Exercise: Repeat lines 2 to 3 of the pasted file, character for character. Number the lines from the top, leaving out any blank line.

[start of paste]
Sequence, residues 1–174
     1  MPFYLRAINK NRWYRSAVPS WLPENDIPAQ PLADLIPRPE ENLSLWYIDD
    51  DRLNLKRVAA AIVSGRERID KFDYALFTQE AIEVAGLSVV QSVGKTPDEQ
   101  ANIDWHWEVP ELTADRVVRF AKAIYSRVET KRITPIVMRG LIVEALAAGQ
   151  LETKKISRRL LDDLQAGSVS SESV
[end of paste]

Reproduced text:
     1  MPFYLRAINK NRWYRSAVPS WLPENDIPAQ PLADLIPRPE ENLSLWYIDD
    51  DRLNLKRVAA AIVSGRERID KFDYALFTQE AIEVAGLSVV QSVGKTPDEQ